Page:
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70 Years Ago, A Crucial Time for the U.S. and Aerial Warfare

Seventy years ago, World War 2 was in full cry. American was in combat across the Atlantic and Pacific Oceans. In Europe, during 1943, the US Army Air Force was engaged against Hitler's Germany. The fall was a crucial time for battle, and October was a cruel month.

Defeating an enemy only with air power was experimental back then.  The American plan was this: equip large bomber with heavy machine guns, fly them in a tight formation with hundreds of identical planes and no long range fighters as escorts.  Could it work?

Aircrews were being trained as fast as possible.  Young men just out of high school were in command of large bombers with nine other young men under their command. A steady stream of those aircraft were being sent to England and assigned to bomber groups.  There were some perfunctory flights to familiarize the men with the mission to  learn the finer points of flying in really close formation - and then within weeks of days they were sent into aerial combat over Germany.

Credit Dan Patterson's Archival Collection
A B-17 bomber crew 1943

German fighter planes were very fast, heavily armed and they had tenacious, time-tested combat methods.

The results were catastrophic.

The German pilots found the soft spots in the big formations of American bombers, sliced through the dense clouds of bullets, and American bombers fell from the sky.  Each plane carried ten men.  A mission that lost 20 or 30 bombers meant 200 or 300 deaths.

American military planners responded with command changes, but stuck to their plan, believing that the bombers would always get through.  And while that was true, the price was very high.  The Eighth Air Force, tasked to carry the aerial offensive against the Nazi's, suffered 35,000 dead.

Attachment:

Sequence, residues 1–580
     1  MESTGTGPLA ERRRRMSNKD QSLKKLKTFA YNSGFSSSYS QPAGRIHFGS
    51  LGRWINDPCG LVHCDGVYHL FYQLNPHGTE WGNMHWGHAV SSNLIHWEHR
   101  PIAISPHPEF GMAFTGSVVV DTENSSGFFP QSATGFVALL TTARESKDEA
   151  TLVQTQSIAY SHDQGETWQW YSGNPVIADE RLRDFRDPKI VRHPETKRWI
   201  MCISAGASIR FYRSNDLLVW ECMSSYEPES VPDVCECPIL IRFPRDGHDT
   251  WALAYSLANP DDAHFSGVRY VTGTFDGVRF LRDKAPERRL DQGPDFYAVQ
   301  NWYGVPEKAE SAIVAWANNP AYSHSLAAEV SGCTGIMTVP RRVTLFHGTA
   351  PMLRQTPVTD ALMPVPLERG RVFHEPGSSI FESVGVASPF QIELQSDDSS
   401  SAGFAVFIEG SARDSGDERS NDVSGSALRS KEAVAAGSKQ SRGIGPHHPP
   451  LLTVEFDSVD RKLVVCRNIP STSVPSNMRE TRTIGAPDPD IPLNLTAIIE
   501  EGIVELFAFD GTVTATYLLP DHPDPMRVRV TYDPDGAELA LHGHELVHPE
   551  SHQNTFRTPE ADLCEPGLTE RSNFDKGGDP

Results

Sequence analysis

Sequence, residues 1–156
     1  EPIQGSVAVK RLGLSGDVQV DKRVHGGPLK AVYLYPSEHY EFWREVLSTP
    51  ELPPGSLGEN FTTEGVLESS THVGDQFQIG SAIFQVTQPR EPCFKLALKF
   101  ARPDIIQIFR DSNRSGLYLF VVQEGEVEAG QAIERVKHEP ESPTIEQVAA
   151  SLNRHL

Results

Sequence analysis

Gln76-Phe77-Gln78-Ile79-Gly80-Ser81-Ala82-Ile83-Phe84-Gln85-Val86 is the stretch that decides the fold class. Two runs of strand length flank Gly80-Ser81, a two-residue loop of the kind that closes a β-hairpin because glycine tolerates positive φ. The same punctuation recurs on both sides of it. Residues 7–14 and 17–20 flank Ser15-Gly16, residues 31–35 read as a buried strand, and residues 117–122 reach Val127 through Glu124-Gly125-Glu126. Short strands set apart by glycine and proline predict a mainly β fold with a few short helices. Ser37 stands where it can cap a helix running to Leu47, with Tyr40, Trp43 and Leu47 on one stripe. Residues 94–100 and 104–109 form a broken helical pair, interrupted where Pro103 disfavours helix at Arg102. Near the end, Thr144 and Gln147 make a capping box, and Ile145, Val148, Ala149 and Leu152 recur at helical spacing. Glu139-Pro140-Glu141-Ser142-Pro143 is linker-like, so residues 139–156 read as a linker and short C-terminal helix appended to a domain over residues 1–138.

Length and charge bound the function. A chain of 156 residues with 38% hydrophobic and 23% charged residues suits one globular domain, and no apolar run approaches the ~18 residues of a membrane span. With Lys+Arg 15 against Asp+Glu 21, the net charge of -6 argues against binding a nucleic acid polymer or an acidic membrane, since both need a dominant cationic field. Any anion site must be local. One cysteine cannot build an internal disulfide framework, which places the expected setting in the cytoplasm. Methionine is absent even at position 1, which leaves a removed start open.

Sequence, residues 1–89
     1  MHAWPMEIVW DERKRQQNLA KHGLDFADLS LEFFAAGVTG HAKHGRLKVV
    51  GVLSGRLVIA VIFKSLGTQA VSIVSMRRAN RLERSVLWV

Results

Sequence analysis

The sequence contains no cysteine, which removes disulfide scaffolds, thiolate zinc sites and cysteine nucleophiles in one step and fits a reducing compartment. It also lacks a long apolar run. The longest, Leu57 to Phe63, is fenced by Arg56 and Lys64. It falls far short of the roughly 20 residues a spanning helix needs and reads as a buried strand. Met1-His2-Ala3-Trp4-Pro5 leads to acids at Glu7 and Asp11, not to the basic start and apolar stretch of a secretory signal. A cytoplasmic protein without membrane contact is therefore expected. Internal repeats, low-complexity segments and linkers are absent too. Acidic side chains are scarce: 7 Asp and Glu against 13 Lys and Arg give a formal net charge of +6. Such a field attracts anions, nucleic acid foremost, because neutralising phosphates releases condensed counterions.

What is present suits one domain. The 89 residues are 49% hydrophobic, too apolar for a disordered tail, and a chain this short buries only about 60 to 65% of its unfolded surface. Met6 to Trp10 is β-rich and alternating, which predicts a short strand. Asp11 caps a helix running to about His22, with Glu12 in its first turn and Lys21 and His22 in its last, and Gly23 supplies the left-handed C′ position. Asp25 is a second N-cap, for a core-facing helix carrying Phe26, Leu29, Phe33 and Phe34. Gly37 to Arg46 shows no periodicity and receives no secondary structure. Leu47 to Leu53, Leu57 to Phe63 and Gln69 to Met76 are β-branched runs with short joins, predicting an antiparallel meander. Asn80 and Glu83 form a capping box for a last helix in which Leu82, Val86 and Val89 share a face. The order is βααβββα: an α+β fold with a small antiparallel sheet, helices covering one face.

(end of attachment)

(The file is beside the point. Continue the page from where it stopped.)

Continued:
The heroism of the men who were flying and fighting and dying is legendary.

In October 1943, bombers and crews were sent flying even deeper into Germany.  Their mission: to attack the industries that built the German air force and defeat the enemy by destroying their resources.

But that concept was flawed, too.  Buildings were destroyed and success was often measured in square footage of roofs blown off, but the heavy machine tools that were the real targets could be brushed off, moved to a new location and put back in production.

In one week, US bombers visited Munster, Schwienfurt and Bremen, German industrial cities, but the American losses were stunning.  1,200 men died and thousands were wounded.  They never stopped attacking Germany, but they did not often go as deep into the German industrial heartland.

American planners realized that the bomber force needed escorting fighters who could duel with the German Luftwaffe pilots on even terms. But there was no American fighter plane ready for that task, but the P-51 Mustang was in production.  It wouldn't be available until early 1944.

The battle for control of the air raged on through the fall 70 years ago.  The plans for the invasion of Europe in the spring of 1944 hinged on aerial supremacy. 

The next few month would prove to be critical.

Dan Patterson is an aviation historian and photographer. You can see more of his photos at his website, www.flyinghistory.com

Aviation programming on WYSO is supported in part by the National Aviation Heritage Alliance and The Air Force Museum Foundation.